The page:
Let us close this section by very brieﬂy mentioning the Seiberg-Witten solution of various other gauge theories. First, let us copy the solutions for $SU\left(N\right)$ and $SO\left(2N\right)$ with ${N}_{f}$ ﬂavors. The Seiberg-Witten curve for $SU\left(N\right)$ with ${N}_{f}$ ﬂavors was

$$\frac{{\Lambda}^{N}}{z}+z{\Lambda}^{N-{N}_{f}}\prod _{i=1}^{{N}_{f}}\left(x-{\mu}_{i}\right)={x}^{N}+{u}_{2}{x}^{N-2}+\cdots +{u}_{N-1}x+{u}_{N}$$ | (11.6.1) |

and the Seiberg-Witten curve for $SO\left(2N\right)$ with ${N}_{f}$ ﬂavors was

Here, for simplicity, we dropped the ﬂavor terms multiplying $1\u2215z$ on the left hand sides. For the full expressions, see (10) and (21), respectively.

Without derivations, we present here the Seiberg-Witten curves for other classical gauge groups. The Seiberg-Witten curve for $SO\left(2N+1\right)$ with ${N}_{f}$ ﬂavors is

and the Seiberg-Witten curve for $Sp\left(N\right)$ with ${N}_{f}$ ﬂavors is

$$\begin{array}{cc}& \frac{{\Lambda}^{2N+2}}{{z}^{1\u22152}}+2c+{\Lambda}^{2N+2-2{N}_{f}}{z}^{1\u22152}\prod _{i=1}^{{N}_{f}}\left({x}^{2}-{\mu}_{i}{\phantom{\rule{0.0pt}{0ex}}}^{2}\right)\\ & ={x}^{2}\left({x}^{2N}+{u}_{2}{x}^{2N-2}+{u}_{4}{x}^{2N-4}+\cdots +{u}_{2N}\right)& \text{(11.6.4)}\end{array}$$where ${c}^{2}={\Lambda}^{4N+4-2{N}_{f}}{\prod}_{i=1}^{{N}_{f}}\left(-{\mu}_{i}^{2}\right)$. The diﬀerential is always just $\lambda =xdz\u2215z$. We again dropped the ﬂavor terms multiplying $1\u2215z$ on the left hand sides.

The curves so far can be always written as

$$\frac{F\left(x\right)}{z}+z\stackrel{\u0303}{F}\left(x\right)=P\left(x\right)$$ | (11.6.5) |

for some polynomials $F\left(x\right)$, $\stackrel{\u0303}{F}\left(x\right)$ and $P\left(x\right)$. In the older literature, it is more common to ﬁnd the curve and the diﬀerential in the form

$${y}^{2}=P{\left(x\right)}^{2}-4F\left(x\right)\stackrel{\u0303}{F}\left(x\right),\phantom{\rule{2em}{0ex}}\lambda =\frac{x}{2}dlog\frac{P\left(x\right)-y}{P\left(x\right)+y}.$$ | (11.6.6) |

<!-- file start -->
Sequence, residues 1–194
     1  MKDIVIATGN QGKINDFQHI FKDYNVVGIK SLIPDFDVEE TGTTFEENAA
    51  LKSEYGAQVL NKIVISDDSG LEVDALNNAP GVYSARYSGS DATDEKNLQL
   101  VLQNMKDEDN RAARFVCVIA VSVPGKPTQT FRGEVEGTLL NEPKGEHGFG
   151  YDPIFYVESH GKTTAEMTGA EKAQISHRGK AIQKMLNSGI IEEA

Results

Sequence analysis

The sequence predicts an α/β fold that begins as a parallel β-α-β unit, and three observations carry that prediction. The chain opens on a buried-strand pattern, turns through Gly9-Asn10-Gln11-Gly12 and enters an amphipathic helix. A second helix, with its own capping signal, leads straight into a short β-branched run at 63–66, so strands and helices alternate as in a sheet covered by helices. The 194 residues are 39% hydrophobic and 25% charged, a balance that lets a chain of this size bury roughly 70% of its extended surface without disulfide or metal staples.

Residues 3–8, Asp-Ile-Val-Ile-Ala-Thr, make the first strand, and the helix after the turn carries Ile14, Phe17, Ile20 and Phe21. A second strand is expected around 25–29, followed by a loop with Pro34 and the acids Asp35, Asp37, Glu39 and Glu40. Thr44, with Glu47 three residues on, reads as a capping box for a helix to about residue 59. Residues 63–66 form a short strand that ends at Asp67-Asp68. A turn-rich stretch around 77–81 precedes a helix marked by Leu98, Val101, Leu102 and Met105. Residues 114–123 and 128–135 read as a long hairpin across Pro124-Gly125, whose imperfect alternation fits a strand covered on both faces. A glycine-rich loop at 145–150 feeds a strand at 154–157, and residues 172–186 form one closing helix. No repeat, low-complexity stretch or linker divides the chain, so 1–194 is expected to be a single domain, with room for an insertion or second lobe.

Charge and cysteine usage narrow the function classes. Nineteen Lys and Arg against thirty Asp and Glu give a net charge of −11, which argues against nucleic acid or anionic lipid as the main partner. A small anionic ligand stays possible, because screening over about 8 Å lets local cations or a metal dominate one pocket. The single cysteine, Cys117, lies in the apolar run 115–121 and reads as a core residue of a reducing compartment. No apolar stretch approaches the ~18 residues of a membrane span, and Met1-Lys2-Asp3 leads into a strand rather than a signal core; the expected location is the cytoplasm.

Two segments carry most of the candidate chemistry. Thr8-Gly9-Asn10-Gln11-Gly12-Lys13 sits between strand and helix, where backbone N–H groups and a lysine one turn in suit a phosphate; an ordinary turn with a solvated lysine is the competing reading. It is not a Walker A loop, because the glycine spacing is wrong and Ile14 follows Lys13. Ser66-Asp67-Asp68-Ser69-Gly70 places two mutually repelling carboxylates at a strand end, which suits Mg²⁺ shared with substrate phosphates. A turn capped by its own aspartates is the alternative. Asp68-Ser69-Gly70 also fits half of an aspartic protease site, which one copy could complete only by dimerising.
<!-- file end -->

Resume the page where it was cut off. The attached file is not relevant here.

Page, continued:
To relate (11.6.5) and (11.6.6), note that the equation (11.6.6) implies that the combination

$${\zeta}_{\pm}=\frac{1}{2}\left(P\left(x\right)\pm y\right)$$ | (11.6.7) |

satisﬁes

$${\zeta}_{+}+{\zeta}_{-}=P\left(x\right),\phantom{\rule{2em}{0ex}}{\zeta}_{+}{\zeta}_{-}=F\left(x\right)\stackrel{\u0303}{F}\left(x\right).$$ | (11.6.8) |

Comparing with (11.6.5), we ﬁnd

$${\zeta}_{+}=\frac{F\left(x\right)}{z},\phantom{\rule{2em}{0ex}}{\zeta}_{-}=z\stackrel{\u0303}{F}\left(x\right).$$ | (11.6.9) |

This also explains the diﬀerential given in (11.6.6).

This older form is mathematically easier to deal with in certain situations, because the branch cut of the function $y\left(x\right)$ is at most of order 2. Mathematically, such Riemann surfaces are called hyperelliptic, and have a few special properties compared to more general Riemann surfaces. That said, the forms we use in the rest of the lecture note is much more physical and usually more useful.

A good summary of the curves for classical gauge groups listed above can be found e.g. in [67]. For exceptional gauge groups, the situation is more complicated. Although one can write the Seiberg-Witten curve, it is more natural to study the Seiberg-Witten geometry, which is a complex 3-dimensional space, ﬁbered over the ultravioletcurve $C$. A very nice presentation for the pure theory can be found in [68]. With matter hypermultiplets, a modern reference is [69].